DUBLIN (AP) — Long-confidential letters between European Central Bank and Irish government leaders document how Dublin's cash-starved banks were threatened with collapse unless Ireland sought an international bailout.
The 2010 letters published Thursday by the Frankfurt-based bank paint a stark picture of negotiations between former ECB President Jean-Claude Trichet and former Irish Finance Minister Brian Lenihan in the days before Ireland's reluctant acceptance of a 67.5 billion euro ($92 billion) package of rescue loans from European Union partners and the International Monetary Fund.
The aid was used to recapitalize and restructure six largely state-owned banks and fund government spending through the end of 2013, when Ireland resumed normal borrowing on bond markets.
Trichet's key letter dated Friday, Nov. 19, 2010, and labeled secret, warned Lenihan that the ECB would not keep rolling over and increasing its emergency financing of Irish banks unless Ireland sought an international rescue before markets reopened Monday.
At that time, all of Ireland's banks and the government itself had been forced out of bond markets by exorbitant debt-funding costs. The ECB's cash supply for those banks had rapidly soared above 50 billion euros, dominating Frankfurt's so-called emergency liquidity assistance support for the entire eurozone. Trichet argued that the central bank could not legally keep providing this aid — whose repayment was guaranteed, with increasing implausibility, by vulnerable Irish government bonds — unless Ireland accepted drastic and immediate measures.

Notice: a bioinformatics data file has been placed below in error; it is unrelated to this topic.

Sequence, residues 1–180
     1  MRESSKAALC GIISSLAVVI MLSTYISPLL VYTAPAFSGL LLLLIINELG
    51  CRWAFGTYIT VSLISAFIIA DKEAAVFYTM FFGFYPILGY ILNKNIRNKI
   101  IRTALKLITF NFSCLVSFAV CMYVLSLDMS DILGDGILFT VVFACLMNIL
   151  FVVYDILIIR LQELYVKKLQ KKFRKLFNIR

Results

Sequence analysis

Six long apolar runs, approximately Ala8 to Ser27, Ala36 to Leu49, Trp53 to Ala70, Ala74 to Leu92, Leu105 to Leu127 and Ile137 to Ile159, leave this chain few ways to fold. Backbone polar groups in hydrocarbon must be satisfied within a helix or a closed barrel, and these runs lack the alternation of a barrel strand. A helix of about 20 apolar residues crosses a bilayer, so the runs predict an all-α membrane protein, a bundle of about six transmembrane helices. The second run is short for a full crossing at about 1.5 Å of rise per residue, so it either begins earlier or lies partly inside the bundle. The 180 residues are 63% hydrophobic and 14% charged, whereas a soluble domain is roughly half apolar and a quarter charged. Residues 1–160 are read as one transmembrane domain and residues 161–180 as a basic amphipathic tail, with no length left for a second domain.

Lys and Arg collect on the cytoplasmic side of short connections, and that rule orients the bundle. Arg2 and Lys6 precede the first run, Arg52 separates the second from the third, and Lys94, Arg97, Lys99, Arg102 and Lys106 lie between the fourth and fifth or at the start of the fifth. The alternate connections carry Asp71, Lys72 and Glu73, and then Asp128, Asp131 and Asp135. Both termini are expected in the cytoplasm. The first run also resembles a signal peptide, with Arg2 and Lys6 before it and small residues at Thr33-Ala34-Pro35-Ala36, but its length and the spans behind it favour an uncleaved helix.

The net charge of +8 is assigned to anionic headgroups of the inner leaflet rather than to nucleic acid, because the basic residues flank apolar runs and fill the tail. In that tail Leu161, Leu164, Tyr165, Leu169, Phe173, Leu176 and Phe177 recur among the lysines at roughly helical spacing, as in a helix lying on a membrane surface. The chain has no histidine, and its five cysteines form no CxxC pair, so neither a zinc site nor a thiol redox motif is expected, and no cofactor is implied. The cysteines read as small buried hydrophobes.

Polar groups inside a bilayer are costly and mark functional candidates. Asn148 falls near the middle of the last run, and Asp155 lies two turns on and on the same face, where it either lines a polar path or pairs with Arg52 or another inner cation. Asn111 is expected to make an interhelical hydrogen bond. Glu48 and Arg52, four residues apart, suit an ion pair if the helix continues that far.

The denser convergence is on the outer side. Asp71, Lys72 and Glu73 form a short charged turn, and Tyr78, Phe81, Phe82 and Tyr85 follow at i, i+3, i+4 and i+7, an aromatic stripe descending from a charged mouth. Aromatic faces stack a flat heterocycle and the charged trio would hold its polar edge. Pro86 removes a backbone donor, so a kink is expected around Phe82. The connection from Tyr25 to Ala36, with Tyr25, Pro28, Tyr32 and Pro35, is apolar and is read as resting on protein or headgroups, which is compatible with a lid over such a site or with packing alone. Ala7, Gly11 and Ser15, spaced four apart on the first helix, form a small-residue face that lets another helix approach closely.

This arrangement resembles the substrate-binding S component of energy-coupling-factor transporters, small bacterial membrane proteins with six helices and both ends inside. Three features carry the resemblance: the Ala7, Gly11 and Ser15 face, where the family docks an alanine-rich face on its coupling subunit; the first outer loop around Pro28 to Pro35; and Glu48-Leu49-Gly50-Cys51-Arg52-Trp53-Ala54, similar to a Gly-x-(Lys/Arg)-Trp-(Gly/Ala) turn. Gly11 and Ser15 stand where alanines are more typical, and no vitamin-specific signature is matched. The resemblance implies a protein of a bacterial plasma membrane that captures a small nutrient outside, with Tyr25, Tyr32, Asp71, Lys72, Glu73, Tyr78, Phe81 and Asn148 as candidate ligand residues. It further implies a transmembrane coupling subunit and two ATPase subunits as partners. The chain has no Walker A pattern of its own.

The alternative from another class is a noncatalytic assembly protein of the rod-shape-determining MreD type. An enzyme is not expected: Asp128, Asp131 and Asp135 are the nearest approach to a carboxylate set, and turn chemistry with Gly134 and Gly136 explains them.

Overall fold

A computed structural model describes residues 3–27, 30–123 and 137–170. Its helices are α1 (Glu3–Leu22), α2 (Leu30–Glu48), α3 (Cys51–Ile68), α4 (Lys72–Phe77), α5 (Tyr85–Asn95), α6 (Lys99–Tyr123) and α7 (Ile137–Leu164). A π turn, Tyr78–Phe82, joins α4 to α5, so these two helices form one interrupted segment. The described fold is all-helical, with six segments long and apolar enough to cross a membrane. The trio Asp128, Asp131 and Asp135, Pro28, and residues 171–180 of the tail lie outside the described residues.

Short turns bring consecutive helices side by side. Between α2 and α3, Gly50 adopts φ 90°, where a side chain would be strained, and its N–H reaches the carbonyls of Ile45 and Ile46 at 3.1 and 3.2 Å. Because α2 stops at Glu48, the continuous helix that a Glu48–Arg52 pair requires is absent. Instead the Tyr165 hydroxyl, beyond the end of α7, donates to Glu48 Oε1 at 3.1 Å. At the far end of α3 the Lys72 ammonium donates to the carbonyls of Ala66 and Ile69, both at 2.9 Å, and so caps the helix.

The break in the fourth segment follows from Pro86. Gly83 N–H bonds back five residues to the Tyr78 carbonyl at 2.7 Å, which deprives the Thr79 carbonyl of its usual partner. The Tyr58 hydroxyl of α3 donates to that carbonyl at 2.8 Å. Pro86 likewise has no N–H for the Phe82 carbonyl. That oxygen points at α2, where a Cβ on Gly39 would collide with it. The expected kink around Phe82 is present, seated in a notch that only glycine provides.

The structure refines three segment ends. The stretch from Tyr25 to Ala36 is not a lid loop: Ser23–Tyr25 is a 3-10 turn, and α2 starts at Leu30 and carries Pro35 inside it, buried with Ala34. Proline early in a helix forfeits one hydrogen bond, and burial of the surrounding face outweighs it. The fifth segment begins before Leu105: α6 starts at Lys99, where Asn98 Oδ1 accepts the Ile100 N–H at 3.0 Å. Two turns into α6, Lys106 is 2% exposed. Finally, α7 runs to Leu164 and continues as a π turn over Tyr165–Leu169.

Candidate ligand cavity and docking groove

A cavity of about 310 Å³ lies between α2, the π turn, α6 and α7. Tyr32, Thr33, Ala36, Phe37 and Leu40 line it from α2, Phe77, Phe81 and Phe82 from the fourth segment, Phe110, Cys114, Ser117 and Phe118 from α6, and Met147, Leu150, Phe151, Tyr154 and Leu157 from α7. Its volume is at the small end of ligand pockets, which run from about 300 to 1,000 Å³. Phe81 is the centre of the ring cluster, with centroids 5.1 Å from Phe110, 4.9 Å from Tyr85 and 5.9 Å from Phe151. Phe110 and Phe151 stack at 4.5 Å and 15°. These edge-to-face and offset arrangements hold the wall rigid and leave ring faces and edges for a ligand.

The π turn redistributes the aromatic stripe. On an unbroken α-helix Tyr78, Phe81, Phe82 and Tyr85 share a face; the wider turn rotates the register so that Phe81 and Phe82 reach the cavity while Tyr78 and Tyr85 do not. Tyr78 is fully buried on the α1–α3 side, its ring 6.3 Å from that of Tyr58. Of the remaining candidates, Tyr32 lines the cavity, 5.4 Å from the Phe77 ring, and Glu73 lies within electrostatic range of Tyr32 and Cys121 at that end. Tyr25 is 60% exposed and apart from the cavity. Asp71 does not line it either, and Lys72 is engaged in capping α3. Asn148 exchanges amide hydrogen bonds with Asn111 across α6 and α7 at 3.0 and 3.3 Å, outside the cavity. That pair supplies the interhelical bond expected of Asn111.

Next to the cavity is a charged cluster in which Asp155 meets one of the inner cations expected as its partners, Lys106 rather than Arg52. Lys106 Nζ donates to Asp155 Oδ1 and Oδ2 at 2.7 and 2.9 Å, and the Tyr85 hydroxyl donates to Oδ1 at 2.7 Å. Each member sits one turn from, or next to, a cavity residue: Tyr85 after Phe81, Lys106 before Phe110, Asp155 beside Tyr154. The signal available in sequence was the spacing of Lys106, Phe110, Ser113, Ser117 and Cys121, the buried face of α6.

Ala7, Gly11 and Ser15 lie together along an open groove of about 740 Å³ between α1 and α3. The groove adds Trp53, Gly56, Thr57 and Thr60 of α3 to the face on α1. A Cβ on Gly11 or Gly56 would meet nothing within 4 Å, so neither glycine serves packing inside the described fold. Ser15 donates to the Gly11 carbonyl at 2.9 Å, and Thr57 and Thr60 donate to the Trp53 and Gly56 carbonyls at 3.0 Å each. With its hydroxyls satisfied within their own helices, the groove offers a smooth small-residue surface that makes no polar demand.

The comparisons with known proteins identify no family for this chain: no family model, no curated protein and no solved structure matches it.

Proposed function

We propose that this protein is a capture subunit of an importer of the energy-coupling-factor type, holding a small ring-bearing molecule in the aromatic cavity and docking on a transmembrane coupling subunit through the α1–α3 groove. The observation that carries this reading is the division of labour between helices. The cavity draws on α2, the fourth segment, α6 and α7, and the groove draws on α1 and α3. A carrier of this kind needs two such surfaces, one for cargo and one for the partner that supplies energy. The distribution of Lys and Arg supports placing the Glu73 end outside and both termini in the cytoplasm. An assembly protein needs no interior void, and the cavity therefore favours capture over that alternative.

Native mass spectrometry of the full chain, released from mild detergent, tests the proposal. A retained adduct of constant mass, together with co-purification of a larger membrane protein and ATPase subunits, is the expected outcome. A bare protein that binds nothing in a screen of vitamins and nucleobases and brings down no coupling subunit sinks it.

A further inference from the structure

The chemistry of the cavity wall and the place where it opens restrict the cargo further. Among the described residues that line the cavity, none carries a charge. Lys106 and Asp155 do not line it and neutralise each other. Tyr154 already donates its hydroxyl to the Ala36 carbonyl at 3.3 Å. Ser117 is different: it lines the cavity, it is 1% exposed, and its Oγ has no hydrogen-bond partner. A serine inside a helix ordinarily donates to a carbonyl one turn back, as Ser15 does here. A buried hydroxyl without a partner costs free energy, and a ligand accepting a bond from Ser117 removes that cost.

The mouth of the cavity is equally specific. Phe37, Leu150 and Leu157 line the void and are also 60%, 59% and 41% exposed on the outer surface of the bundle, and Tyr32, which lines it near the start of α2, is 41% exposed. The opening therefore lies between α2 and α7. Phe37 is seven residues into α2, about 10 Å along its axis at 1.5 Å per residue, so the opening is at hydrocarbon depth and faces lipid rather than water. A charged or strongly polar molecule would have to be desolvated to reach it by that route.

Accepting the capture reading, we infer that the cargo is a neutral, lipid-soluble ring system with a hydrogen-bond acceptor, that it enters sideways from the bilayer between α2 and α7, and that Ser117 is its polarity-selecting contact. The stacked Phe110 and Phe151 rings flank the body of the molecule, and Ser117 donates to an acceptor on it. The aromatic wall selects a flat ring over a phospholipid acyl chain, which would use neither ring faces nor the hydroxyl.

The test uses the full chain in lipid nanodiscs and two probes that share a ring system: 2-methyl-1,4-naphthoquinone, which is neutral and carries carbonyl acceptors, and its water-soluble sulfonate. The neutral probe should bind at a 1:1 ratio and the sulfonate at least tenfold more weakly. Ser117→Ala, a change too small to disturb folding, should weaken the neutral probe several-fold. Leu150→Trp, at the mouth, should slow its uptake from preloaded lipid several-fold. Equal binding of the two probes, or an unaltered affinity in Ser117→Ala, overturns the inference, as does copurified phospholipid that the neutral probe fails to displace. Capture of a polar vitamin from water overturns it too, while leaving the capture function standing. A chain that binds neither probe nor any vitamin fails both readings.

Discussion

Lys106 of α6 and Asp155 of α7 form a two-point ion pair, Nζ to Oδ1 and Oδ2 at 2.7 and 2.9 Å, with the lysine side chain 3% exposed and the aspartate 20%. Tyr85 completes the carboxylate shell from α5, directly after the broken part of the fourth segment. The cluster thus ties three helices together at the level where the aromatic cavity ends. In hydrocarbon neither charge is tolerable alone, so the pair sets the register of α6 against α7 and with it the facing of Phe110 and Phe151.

Trichet spelled these out in four take-it-or-leave-it points: Ireland must request help, must agree to pursue major cost-cutting and reform in cooperation with the EU-ECB-IMF "troika," must use much of the aid to strengthen Irish banks, and must guarantee to repay all further ECB liquidity aid to banks.
Lenihan, who the previous week had insisted publicly that Ireland needed no bailout, wrote back that Sunday to confirm acceptance.
"There comes a point at which negative sentiment starts to feed on itself, even independently of underlying realities, and we are clearly at that point," wrote Lenihan, who died of cancer in 2011.
Four letters, http://bit.ly/1sj9CBu